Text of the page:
/BELL  or /BEEP   Cause the printer's speaker to beep (not HS)
           /CAN              Clear print buffers (not MX)
           /SLOW             Set low speed mode (not CR, HS, MX)
           /FAST             Cancel low speed mode (not CR, HS, MX)
           /ONE              Select Unidirectional mode
           /TWO              Select Directional mode
           /ON               Activate printer
           /OFF              Turn off printer

           /FF or /EJECT     Form Feed

           Page Control:

           /1/6              Set 6 lines per inch
           /1/8              Set 8 lines per inch
           /SKIP             Set Skip perforation ON
           /SKIPOFF          Set Skip perforation OFF

           Font Selection and Manipulation:

           /ITALIC           Select italic char. set  (only FX86, EX, LX,
                                                           no LQ-1500, SX)
           /GRAPHIC          Select graphic char. set (only FX86, EX, LX,
                                                           no LQ-1500, SX)
           /ROMAN            Choose Roman font
           /SANS             Choose Sans Serif font
           /DRAFT            Choose draft
           /NLQ              Choose near letter quality
           /PICA             Choose 10 chars per inch
           /ELITE            Choose 12 chars per inch
           /COND or /SI      Choose 15 chars per inch
           /EMPH             Turn emphasize on
           /EMPHOFF          Turn emphasize off
           /SPANISH          Select spanish international char set
           /USA              Select USA international char set

 Examples

       cSetUp := '27,116,1'
       Set Print ON
       ? FT_PCHR( cSetUp )      ->  (CHR(27)+CHR(116)+CHR(1))
                                            <select Epson char. graphics>

       ? FT_PCHR( '27,"x",0' )  ->  (CHR(27)+CHR(120)+CHR(0))
                                         <Epson draft mode>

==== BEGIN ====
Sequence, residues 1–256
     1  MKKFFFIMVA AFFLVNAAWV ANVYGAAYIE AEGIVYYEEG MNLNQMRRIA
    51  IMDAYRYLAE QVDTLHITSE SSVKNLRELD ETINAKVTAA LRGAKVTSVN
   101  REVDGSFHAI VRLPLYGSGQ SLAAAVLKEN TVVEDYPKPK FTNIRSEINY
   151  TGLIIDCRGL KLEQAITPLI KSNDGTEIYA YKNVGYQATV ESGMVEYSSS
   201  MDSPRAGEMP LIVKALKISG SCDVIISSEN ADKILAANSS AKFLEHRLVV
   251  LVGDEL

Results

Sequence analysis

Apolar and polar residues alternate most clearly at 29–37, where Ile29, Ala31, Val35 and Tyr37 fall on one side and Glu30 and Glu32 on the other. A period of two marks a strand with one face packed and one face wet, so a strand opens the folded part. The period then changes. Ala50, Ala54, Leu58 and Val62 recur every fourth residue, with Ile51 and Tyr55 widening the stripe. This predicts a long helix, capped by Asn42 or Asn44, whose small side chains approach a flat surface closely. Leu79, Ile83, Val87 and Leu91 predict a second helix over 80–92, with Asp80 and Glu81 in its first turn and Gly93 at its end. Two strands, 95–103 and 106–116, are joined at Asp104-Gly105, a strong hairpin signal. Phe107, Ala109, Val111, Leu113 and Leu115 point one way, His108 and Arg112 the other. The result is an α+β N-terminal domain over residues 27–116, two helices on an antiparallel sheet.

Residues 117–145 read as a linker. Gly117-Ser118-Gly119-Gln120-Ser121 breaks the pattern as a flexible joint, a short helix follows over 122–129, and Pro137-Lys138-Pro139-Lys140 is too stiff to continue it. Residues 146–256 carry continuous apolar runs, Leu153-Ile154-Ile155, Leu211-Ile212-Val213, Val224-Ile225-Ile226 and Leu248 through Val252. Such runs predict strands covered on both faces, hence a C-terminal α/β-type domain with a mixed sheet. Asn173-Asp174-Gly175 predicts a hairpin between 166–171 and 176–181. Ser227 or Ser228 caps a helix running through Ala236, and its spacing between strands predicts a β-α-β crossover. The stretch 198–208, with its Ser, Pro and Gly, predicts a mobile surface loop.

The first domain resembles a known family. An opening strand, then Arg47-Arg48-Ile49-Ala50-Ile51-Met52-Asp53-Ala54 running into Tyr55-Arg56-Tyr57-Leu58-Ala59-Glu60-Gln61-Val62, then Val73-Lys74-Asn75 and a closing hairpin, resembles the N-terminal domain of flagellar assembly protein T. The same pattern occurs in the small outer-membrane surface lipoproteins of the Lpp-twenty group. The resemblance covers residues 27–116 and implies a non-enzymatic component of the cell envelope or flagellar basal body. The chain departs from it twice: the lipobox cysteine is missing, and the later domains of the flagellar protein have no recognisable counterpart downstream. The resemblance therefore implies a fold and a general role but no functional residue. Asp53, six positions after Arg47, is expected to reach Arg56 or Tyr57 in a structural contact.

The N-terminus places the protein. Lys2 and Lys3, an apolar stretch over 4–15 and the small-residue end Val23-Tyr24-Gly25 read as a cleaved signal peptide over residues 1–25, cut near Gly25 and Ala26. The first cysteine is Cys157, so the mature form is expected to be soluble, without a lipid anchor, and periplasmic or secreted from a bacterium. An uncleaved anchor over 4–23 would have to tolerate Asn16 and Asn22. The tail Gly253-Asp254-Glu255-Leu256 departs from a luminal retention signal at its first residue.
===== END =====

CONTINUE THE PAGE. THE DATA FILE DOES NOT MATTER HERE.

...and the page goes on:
? FT_PCHR( '&1B,"E"'  )  ->  (CHR(27)+CHR(69))   <HP reset>

       ? FT_PCHR( '/ELITE,/NLQ' ) ->(CHR(27)+CHR(77)+CHR(27)+CHR(120)+CHR(1))
                                <Epson elite & near letter quality>

 Source: PCHR.PRG

 Author: Jim Gale

 

FT_NOOCCUR

FT_NOOCCUR()
 Find the number of times one string occurs in another

 Syntax

      FT_NOOCCUR( <cCheckFor>, <cCheckIn> ;
                  [, <lIgnoreCase> ] )      -> <nOccurrences>

 Arguments

     <cCheckFor> is the string to search for

     <cCheckIn> is the string to search

     <lIgnoreCase> is a boolean variable to force case sensitivity
     (optional, defaults to .F.).

 Returns

     The number of times <cCheckFor> appears in <cCheckIn>

 Description

     This function finds the number of times a string occurs in a
        second string.

 Examples

     // Find the number of times "the" appears in cMemoString, case
     // insensitive

     nNoOfOccurrences := FT_NOOCCUR( "the", cMemoString )

     // Find the number of times "the" appears in cMemoString, case
     // sensitive

     nNoOfOccurrences := FT_NOOCCUR( "the", cMemoString, TRUE )

 Source: NOOCCUR.PRG

 Author: David Husnian

 

FT_METAPH

FT_METAPH()
 Convert a character string to MetaPhone format

 Syntax

      FT_METAPH( <cName> [, <nSize> ] ) -> cMetaPhone

 Arguments